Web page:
Fitting food for physics
Jul 10, 2008 2 comments
Culinary xenophobes take note: your favourite national dish is unlikely to be pushed off the menu by exotic recipes from afar. That’s the conclusion of physicists in Brazil who have applied statistical methods to cookery books from different countries and different eras in the name of interdisciplinary science. The study, published today in New Journal of Physics, also suggests that the average number of ingredients per recipe is similar between countries (about 7–10) and has remained constant over time.
The outcome may surprise foodies in the UK, where the Indian-themed dish “chicken tikka masala” reportedly has displaced the humble “fish ‘n’ chips” as the nation’s favourite dish. Then again, their analysis could be a bit overseasoned.
“Having observed that culinary ingredients and recipes constitute a bipartite network, just like actors and films do, we realized they can be modelled using tools from mathematics and physics,” team-leader Antonio Roque of the University of Sao Paulo told physicsworld.com. “Besides, food is an unusual topic among the physics community but one of high social and cultural importance.”
Roque and co-workers collected data from four classic cookbooks: Pleyn Delit, a collection of medieval recipes; the UK’s New Penguin Cookery Book; Larousse Gastronomique from France; and Dona Benta from Brazil. For each they ranked ingredients according to how often they appeared, and then plotted the number of recipes in which each ingredient appears as a function of decreasing rank (New J Phys 10 073020).
The distributions for each book had long “tails”, reflecting the fact that there are fewer recipes containing low-rank ingredients, and the team was able to fit each one using the same power-law. This suggests that cuisines evolve independently of culture, although with just one book per country and no error bars present it is difficult to judge just how similar this evolution really is.
The researchers also found the same power-law behaviour for three different editions of Dona Benta from 1946, 1969 and 2004, hinting that the structure of Brazilian recipes is not only similar to those in France and the UK but has not changed in the last 50 years — despite the shift from a regional to a more globalized consumer profile during that period.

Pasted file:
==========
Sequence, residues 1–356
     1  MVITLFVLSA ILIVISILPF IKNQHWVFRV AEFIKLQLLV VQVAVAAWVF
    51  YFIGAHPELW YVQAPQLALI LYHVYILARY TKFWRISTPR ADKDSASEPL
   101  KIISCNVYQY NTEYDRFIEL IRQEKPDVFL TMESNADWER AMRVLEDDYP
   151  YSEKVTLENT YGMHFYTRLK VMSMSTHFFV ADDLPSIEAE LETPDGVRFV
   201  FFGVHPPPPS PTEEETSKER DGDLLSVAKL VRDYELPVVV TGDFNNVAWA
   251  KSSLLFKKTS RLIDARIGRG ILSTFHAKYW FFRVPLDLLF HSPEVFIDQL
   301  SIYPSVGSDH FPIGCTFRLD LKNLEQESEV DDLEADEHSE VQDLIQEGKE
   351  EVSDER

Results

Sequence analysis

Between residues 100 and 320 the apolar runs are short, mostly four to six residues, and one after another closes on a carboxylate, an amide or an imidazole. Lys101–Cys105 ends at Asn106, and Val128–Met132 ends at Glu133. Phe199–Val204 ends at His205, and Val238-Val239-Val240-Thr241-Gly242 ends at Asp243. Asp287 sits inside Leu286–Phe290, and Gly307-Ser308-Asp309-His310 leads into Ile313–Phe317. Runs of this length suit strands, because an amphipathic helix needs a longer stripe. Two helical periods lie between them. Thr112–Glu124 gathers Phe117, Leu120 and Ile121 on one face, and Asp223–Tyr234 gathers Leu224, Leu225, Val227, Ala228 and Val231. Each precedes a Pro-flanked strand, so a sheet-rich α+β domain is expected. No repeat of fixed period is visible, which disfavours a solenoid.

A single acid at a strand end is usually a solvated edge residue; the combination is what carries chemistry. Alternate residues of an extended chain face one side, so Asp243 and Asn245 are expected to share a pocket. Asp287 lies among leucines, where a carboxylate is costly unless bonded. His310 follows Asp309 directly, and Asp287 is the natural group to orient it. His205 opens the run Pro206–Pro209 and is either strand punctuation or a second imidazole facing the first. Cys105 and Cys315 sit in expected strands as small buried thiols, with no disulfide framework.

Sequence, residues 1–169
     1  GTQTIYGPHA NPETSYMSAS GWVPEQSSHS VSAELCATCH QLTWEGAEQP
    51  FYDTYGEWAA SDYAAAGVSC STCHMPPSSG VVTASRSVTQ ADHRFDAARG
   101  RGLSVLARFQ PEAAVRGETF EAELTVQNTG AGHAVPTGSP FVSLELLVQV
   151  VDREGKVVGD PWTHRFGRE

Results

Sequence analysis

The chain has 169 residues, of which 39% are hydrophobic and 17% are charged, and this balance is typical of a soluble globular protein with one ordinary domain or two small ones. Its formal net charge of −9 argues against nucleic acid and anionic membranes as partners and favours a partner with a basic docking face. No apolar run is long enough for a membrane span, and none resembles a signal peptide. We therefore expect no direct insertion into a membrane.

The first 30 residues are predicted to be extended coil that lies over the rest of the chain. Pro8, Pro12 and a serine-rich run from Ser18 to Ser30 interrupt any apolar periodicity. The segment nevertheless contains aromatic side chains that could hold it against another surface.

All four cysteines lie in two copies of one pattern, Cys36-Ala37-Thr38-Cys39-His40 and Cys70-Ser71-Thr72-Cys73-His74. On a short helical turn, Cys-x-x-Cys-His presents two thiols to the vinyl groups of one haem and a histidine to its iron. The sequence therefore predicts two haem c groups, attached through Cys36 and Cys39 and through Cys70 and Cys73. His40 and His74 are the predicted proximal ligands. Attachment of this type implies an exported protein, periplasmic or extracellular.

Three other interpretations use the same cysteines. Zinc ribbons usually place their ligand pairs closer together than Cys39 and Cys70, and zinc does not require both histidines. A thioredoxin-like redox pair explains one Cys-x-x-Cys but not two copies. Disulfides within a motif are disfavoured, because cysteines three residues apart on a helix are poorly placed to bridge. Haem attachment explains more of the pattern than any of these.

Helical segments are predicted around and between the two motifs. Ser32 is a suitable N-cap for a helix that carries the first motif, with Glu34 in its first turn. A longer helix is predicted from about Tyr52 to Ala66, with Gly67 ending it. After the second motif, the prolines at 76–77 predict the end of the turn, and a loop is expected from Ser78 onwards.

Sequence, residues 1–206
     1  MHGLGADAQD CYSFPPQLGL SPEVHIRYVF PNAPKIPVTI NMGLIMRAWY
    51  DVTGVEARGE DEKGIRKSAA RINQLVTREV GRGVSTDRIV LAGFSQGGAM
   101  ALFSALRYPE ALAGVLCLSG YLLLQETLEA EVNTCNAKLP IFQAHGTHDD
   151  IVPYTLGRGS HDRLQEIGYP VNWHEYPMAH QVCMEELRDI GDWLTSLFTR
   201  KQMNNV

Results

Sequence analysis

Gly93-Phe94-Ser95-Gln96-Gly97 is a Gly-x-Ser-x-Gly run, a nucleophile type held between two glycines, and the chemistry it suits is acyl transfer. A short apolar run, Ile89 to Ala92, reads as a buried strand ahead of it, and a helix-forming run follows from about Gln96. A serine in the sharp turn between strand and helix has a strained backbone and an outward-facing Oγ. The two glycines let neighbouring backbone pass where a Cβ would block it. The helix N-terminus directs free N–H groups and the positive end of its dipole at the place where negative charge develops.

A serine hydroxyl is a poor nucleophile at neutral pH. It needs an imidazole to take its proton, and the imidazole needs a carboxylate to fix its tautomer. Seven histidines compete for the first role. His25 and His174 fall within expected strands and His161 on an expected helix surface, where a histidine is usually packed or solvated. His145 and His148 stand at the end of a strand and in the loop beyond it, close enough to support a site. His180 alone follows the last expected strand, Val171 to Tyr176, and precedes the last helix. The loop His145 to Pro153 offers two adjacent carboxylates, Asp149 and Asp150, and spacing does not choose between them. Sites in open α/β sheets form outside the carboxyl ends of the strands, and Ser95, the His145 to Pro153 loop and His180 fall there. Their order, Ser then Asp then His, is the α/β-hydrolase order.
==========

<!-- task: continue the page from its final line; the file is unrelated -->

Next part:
The traditional culinary ingredients and recipes of a given culture are strongly resistant to replacement pressures from external culturesAntonio Roque, University of Sao Paulo
Clearly it is satisfying for physicists to be able to describe complex behaviour in terms of simple formulae, but at the end of the day these are just statistical fits. Such “scale-invariant” (i.e. power-law) behaviour pops up in countless social systems, such as linguistics, not to mention numerous physical situations such as coastlines and drainage networks. The conclusion of such studies is often a statement of the obvious.
What makes the cookbook analysis interesting is that the Brazilian team was able to reproduce the universal power-law behaviour using a “copy-mutate” algorithm, which describes culinary evolution by a branching process similar to that in biology. The model suggests that idiosyncratic ingredients, for example the edible plant chayote in Central and South American diets, are preserved in cultures just like certain genetic patterns persist across generations. The classic French pot-au-feu and other stews are good examples of “mother recipes” that generate several daughter-recipes by a copy-mutate mechanism.
“Because the system does not forget the initial conditions, the traditional culinary ingredients and recipes of a given culture are strongly resistant to replacement pressures from external cultures,” says Roque. “The model may help biologists model speciation, for example by making an analogy between recipes/ingredients and species/phenotypes.”
It is very difficult to define ingredients — is sugar an ingredient, for example?Hervé This, College de France
Hervé This, a physical chemist at the College de France in Paris who cofounded the science of molecular gastronomy, thinks the idea and methods of the work are good but finds its conclusions hard to swallow. “It is very difficult to define ingredients – is sugar an ingredient, for example, and what about the carrots used to make the stock for a recipe?” He also says we should recognize cookery books as literature, not necessarily as reliable gastronomic databases. That’s as clear as consommé to anyone who has attempted to prepare an evening meal from the Larousse.
The team now plans to consider other cookery books and to apply its evolutionary algorithm to different problems.
About the author
Matthew Chalmers is a writer based in Bristol, UK